by The Media Consortium, Tue Apr 28, 2009 at 05:12:10 AM EDT
by Zach Carter, TMC MediaWire Blogger
While the bank lobby continues to hold significant clout in Congress, President Barack Obama entered the fray on behalf of consumers Thursday, demanding that lenders put an end to abusive fees and predatory interest rates.
by bobswern, Thu Apr 16, 2009 at 12:31:08 AM EDT
From Wikipedia: Lurching downward
The Great Depression was not a sudden total collapse. The stock market turned upward in early 1930, returning to early 1929 levels by April, though still almost 30 percent below of peak in September 1929. Together government and business actually spent more in the first half of 1930 than in the corresponding period of the previous year. But consumers, many of whom had suffered severe losses in the stock market the prior year, cut back their expenditures by ten percent...
...In the spring of 1930, credit was ample and available at low rates, but people were reluctant to add new debt by borrowing. By May 1930, auto sales had declined to below the levels of 1928. Prices in general began to decline, but wages held steady in 1930, then began to drop in 1931. Conditions were worst in farming areas where commodity prices plunged, and in mining and logging areas where unemployment was high and there were few other jobs. The decline in the American economy was the motor that pulled down most other countries at first, then internal weaknesses or strengths in each country made conditions worse or better. By late in 1930, a steady decline set in which reached bottom by March 1933.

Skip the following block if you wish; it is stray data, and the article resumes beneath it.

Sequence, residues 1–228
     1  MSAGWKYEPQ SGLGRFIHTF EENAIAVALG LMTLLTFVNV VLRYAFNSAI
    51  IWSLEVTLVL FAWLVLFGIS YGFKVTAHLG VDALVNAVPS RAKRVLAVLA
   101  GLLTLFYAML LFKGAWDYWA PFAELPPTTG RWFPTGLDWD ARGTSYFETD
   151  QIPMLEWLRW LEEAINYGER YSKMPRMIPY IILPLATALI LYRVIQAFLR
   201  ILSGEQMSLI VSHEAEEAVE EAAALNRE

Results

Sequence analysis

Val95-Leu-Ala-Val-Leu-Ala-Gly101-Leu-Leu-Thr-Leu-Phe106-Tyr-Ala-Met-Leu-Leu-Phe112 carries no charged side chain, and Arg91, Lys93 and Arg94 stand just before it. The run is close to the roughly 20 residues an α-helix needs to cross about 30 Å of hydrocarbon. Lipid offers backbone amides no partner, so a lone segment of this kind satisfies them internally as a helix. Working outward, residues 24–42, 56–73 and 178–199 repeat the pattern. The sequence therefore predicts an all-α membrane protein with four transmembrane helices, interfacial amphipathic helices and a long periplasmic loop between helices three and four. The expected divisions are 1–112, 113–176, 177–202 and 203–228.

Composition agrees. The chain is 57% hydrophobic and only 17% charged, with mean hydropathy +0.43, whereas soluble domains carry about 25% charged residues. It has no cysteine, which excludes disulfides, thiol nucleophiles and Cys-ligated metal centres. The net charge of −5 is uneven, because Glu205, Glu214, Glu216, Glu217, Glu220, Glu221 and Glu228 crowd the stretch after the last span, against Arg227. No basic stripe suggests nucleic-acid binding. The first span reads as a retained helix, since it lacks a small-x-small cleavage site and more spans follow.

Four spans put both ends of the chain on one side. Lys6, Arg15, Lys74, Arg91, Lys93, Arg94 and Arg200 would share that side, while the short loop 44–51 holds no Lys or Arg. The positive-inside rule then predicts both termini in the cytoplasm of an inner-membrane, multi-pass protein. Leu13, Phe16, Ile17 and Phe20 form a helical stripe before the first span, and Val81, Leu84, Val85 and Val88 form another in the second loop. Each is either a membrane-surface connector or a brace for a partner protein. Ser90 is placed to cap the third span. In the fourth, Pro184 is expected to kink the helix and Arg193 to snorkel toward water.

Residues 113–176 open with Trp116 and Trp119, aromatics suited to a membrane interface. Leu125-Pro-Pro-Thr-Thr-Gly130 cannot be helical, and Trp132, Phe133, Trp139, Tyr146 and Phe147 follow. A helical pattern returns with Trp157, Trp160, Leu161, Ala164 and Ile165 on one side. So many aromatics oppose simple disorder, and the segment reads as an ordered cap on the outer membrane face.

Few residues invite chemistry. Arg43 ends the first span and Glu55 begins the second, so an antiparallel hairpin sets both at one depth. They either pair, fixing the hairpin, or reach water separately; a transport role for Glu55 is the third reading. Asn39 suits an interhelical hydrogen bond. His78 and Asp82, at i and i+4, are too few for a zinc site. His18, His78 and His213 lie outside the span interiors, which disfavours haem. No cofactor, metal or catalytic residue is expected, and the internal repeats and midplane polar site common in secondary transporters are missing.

by The Media Consortium, Tue Apr 14, 2009 at 05:21:47 AM EDT
by Zach Carter, TMC MediaWire Blogger
While the national economy struggles under the weight of a massive bank bailout effort, the banking lobby's ability to influence public policy is more problematic than ever. The too-big-to-fail bankers may be dependent on U.S. taxpayers for their survival, but corporate lobbyists still have members of Congress, the Treasury Department and the Federal Reserve asking the banks' permission to bring the Big Finance behemoths under control. The relationship between Wall Street and the government is so out of whack that it's difficult to distinguish the political players from the panhandlers.
by bobswern, Sun Mar 29, 2009 at 10:36:35 PM EDT
It's been pretty busy the past few days in the MSM and on the blogs with regard to commentary about Wall Street and our economic bailout. Herein, I hope to provide a little clarity for those believing everything they're reading. There's a lot of misinformation being spewn...and from some of the highest levels, too.
But, as the saying goes, "The Truth Is Out There." In fact, it's right here!
So, without fanfare, here are "Nine Bailout/Economy Lies and Deceptions We're Hearing Right Now:"
by bobswern, Mon Mar 02, 2009 at 04:46:41 PM EST
Yet again, Robert Kuttner, economist and urban theorist, co-founder and co-editor of the American Prospect Magazine, Boston Globe columnist and author of , "Obama's Challenge: America's Economic Crisis and the Power of a Transformative Presidency," nails it. In fact, perhaps this time, he delivers a grand slam homer in: "Geithner's Folly."
As Kuttner tells us:
President Obama deserves immense credit for being willing to spend serious money to prevent recession from becoming depression. He has resisted pressures from fiscal conservatives to put budget balance first, or to make social insurance bear the brunt of spending cuts down the road. And he has used his gifts as a teacher to enlist the broad support of the American people for a far-reaching strategy of public investment.
However, all of this good work will be for naught if his team doesn't get the banking system functioning again. And so far the grand design of Treasury Secretary Tim Geithner is entirely on the wrong track.